MEPS 322:269-280 (2006)  -  doi:10.3354/meps322269

Underwater behaviour of green turtles monitored with video-time-depth recorders: what’s missing from dive profiles?

Jeffrey A. Seminoff1,*, T. Todd Jones2, Greg J. Marshall3

1NOAA – National Marine Fisheries Service, Southwest Fisheries Science Center, 8604 La Jolla Shores Dr., La Jolla, California 92037, USA
2Department of Zoology, University of British Columbia, 6270 University Blvd, Vancouver, BC, V6T 1Z4, Canada
3Remote Imaging Division, National Geographic Society, 1145 17th Street, NW Washington, DC, 20036-4688, USA

ABSTRACT: We used a turtle-mounted video and data-logging system (Crittercam; National Geographic Society, USA) to study underwater behaviour and dive patterns of green turtles, Chelonia mydas, at a coastal foraging area in the Gulf of California, Mexico. Between August 1997 and June 2002, units were deployed 36 times on 34 green turtles ranging from 64.1 to 96.7 cm in straight carapace length and 38.6 to 120.5 kg in weight. A total of 89.5 h of video was recorded with corresponding dive data (1065 total dives). Foraging was observed during 8 deployments (28 events) at depths of 3.0 to 32.0 m and occurred while turtles were swimming in the midwater column and stationary on the seafloor; 4 marine algae and 5 invertebrate prey species were identified. Resting behaviour was seen during 9 deployments (33 dives) as turtles set on the seafloor at depths of 7.0 to 26.5 m. Overall, 6 dive types were observed and labeled Type 1 to Type 6 dives. Green turtles foraged during Type 1, Type 3, and Type 5 dives, whereas they rested only during Type 1 dives. In addition to elucidating the importance of specific habitats and resources in neritic foraging areas, our results confirm that a variety of underwater behaviours can be reflected by 1 specific dive profile. These data indicate caution should be exercised when ascertaining in-water activity solely based on the appearance of dive profiles.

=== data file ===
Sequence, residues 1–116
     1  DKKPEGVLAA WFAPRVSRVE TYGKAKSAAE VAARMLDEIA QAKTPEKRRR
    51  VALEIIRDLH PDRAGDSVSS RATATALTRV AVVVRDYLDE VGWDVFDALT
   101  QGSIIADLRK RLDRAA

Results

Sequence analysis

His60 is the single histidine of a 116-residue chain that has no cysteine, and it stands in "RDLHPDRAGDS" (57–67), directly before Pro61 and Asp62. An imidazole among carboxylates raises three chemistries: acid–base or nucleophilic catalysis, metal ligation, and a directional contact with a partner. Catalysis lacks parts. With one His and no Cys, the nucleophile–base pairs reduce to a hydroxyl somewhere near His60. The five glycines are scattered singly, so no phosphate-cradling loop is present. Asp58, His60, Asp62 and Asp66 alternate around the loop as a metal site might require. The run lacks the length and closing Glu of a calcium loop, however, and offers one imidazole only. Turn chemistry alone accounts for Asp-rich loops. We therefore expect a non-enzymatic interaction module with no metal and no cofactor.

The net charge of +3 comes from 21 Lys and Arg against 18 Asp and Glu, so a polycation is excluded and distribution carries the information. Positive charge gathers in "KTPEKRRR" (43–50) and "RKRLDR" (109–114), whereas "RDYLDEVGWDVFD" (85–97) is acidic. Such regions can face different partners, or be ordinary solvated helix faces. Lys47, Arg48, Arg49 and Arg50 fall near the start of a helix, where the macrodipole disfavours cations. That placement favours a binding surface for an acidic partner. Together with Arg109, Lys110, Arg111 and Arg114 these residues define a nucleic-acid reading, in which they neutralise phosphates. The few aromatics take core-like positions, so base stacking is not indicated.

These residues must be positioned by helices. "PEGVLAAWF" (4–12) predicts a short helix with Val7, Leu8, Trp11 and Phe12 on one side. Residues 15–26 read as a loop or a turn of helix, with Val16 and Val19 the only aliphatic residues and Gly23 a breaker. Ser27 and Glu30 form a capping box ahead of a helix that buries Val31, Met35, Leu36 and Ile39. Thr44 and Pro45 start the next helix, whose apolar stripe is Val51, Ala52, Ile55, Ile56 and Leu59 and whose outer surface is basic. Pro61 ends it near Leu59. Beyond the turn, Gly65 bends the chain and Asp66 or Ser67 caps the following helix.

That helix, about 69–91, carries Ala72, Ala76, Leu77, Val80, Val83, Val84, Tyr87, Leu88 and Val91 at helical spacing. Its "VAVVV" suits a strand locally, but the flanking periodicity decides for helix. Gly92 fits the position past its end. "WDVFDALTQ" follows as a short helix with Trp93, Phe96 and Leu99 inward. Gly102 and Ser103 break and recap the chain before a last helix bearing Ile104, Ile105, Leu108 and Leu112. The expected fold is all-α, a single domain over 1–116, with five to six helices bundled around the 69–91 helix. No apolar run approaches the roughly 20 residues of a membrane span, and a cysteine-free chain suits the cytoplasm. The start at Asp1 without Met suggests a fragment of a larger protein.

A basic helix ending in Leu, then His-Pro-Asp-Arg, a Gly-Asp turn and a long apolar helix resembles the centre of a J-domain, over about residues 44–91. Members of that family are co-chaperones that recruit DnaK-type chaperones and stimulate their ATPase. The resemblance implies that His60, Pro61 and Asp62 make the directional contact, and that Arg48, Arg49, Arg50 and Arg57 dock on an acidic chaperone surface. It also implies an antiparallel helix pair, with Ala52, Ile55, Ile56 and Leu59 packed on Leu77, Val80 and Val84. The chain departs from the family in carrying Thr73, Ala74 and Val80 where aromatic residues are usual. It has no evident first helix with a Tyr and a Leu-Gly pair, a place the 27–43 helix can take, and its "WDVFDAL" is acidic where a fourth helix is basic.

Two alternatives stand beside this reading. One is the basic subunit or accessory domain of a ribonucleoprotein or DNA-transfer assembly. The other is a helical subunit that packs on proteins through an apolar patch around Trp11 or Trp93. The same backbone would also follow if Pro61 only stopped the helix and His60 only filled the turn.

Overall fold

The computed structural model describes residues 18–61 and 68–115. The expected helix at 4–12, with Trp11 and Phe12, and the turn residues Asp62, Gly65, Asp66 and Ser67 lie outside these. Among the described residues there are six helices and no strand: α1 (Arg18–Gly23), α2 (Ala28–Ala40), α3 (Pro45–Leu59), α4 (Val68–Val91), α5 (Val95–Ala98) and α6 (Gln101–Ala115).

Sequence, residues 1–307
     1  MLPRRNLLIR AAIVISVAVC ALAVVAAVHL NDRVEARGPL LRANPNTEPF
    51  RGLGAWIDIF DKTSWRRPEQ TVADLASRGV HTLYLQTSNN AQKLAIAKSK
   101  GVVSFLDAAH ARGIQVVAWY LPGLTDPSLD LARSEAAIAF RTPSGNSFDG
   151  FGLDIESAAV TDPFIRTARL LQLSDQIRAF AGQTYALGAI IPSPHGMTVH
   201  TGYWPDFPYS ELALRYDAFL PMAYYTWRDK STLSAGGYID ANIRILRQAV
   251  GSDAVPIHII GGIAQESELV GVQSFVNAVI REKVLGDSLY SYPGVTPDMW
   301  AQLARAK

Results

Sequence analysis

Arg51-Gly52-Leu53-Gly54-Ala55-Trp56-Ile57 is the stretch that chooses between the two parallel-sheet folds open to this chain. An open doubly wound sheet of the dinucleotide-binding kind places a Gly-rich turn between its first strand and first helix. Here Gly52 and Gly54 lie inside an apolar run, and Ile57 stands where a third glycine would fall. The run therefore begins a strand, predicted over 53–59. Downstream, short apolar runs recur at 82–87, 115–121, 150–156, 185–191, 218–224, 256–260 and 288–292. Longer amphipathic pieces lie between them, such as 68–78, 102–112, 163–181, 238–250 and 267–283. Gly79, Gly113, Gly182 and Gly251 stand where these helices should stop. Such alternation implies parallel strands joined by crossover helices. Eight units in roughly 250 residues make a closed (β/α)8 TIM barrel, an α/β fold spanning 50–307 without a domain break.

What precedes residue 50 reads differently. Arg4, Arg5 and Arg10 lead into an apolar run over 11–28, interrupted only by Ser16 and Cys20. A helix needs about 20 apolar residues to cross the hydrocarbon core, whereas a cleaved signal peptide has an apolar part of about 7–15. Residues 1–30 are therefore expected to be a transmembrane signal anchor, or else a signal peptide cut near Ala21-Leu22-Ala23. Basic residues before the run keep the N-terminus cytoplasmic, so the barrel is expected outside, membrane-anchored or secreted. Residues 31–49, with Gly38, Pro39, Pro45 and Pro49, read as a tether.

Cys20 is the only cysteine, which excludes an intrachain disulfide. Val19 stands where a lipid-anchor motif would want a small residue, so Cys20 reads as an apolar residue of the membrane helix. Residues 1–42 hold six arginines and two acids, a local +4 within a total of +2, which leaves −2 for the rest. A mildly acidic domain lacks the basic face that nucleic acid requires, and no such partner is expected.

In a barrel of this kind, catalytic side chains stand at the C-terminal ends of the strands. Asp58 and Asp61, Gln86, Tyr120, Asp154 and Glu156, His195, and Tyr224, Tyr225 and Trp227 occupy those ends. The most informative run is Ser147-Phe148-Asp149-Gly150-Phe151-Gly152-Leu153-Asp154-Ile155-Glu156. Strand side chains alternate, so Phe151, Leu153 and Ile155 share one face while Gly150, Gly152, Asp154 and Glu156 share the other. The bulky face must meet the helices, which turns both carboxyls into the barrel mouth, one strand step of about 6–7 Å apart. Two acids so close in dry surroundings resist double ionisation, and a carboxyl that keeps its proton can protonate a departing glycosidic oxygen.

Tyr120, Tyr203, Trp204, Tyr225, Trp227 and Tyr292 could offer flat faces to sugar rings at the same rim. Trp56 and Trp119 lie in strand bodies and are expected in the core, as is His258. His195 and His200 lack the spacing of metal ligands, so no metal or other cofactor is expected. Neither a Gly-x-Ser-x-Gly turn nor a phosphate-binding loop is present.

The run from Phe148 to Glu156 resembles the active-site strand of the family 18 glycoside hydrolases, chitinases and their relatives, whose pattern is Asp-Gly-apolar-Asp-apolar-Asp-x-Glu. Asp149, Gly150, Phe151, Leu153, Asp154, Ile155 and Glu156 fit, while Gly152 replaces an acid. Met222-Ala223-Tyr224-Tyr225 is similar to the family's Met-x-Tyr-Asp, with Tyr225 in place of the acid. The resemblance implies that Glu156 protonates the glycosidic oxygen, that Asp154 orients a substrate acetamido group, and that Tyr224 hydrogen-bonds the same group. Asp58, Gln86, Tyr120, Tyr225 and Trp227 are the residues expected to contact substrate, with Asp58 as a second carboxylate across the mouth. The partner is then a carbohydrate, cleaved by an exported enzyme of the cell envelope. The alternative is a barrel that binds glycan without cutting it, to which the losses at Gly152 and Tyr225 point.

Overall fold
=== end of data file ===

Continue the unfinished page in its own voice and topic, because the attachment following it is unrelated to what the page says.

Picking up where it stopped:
KEY WORDS: Behaviour · Dive type · Chelonia mydas · Crittercam · Habitat use · Green turtle · VTDR


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